6. The Balance of Forces Today

Obama’s leftist (as opposed to liberal) supporters argued during the primaries and the campaign that voting for Obama would not only represent a better alternative to supporting conservative John McCain or wasting one’s vote on Ralph Nader or Cynthia McKinney, but would also help to create the conditions for a resurgence of the social movements and activism. A vote for Obama, they argued, would be a vote cast not only against conservative economic policies (neoliberalism) and against the war, but also against racism and homophobia, and more important would encourage movements for economic and social justice to begin to act. This was the politics put forth by Progressives for Obama.

Clearly, it is difficult to separate the response to the Obama administration from the reaction to the crisis. Historically, a new administration generally enjoys a honeymoon period and a crisis often leads, at least initially, to a period of quietism as labor, the social movements, and the population at large takes stock of the situation, and acts to protect their own personal positions first––meaning their jobs, housing, and family welfare––before acting as a class. While a crisis creates high unemployment, usually the first reaction of U.S. workers is caution, not militancy.

At this point, it would seem to be that Obama’s presidency has not led to significantly greater activism by any movement in any sphere of the society. While there does seem to be a more open and optimistic attitude toward race issues, there has not been an upsurge in activism or radicalism. One might even argue that, quite the contrary, the fact that Obama now occupies the Oval Office has led many activists to believe that they now have a friend in the White House who will deal with the economic crisis, end the wars in the Middle East, handle the problems of the environment, and tackle the oppression of racial minorities, women, gays and lesbians. For those who begin to see that their trust has been betrayed, a kind of social-psychological depression may set in before people return to action.

While the liberal establishment organizations—the AFL-CIO, NAACP, NOW, MoveOn.org, the ACLU and Human Rights Watch, the Sierra Club, and others—do continue to monitor and to pressure the Obama administration, they generally now operate through friendly channels of communication as allies of the President and the Congress, rather than as critics or opponents. Consequently the initial result of Obama’s presidency is a honeymoon period for him and a mood of hopeful expectation of change among the Liberal establishment and the voters who supported him. The result of this then has been a demobilization of former activists and with that a decline in the liberal public’s attention to Obama’s behavior.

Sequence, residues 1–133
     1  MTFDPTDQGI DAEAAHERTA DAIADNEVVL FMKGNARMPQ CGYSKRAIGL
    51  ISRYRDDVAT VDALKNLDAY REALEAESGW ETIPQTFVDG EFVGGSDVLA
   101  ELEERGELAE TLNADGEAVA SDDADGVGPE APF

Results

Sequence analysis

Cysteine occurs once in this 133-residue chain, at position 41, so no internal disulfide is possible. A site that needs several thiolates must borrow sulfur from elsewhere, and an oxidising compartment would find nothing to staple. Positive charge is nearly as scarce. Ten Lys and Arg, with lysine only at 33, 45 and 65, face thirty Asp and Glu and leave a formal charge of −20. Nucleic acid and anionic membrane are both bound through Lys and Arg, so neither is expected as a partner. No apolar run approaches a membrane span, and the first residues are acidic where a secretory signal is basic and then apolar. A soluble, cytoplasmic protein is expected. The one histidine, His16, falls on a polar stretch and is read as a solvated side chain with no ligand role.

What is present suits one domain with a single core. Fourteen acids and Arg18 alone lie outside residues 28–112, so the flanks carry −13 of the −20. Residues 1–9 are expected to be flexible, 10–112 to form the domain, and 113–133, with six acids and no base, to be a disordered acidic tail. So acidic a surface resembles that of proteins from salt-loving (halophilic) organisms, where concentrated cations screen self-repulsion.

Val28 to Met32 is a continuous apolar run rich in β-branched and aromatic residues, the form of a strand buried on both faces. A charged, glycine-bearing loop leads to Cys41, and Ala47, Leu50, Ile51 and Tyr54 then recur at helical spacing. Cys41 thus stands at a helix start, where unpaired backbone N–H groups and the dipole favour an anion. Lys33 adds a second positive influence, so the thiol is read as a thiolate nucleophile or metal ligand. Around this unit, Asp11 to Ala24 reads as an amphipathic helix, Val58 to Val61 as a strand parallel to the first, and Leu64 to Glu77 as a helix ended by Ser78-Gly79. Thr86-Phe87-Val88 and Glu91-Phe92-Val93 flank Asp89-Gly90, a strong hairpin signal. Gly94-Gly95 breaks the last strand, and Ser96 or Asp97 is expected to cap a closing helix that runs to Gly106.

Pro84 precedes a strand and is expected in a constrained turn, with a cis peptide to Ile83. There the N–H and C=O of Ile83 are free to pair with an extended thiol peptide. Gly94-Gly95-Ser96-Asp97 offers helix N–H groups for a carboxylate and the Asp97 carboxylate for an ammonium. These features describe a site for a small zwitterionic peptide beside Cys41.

Similarly with second level national organizations and with regional and local groups, activism has generally declined. While there are notable exceptions—the Steelworkers campaign in labor, ACORN in housing, and a few others—what is clear is that there has been no upsurge. We remain in a downturn in activism that has existed since about 2005.

The current situation is exacerbated by the deep divisions within the labor movement, particularly the internecine warfare among the SEIU, NHWU, CNA, the former UNITE-HERE. The SEIU’s top-down organizing model and its labor-management partnership approach to contract negotiation, combined with its hubris, particularly it imperial ambitions to dominate the labor movement, not only in the U.S. but also in Puerto Rico and even abroad, have led to the current deep crisis which particularly affects health care workers.

Most important is the struggle taking place in California. There SEIU members in United Healthcare Workers West (UHW), a 150,000-member California local led by Sal Roselli, complained that the SEIU had “silenced workers’ voice in bargaining with the California Home Alliance by directing International Union representatives to meet with employers behind our backs.” After SEIU trusteed (that is, took over) the local union, members resisted by seceding and creating their own organization, the National Union of Healthcare Workers (NUHW). SEIU has been fighting NUHW for control of contracts both in the courts and through union representation elections.

The fight by NUHW members, first to control their own local union and negotiate their own contracts and subsequently to create an independent union, has inspired many SEIU members throughout California and around the country. Many see this as one of the most important fights taking place in the contemporary labor movement, a fight between the SEIU top-down approach and an approach where members have a greater voice in the union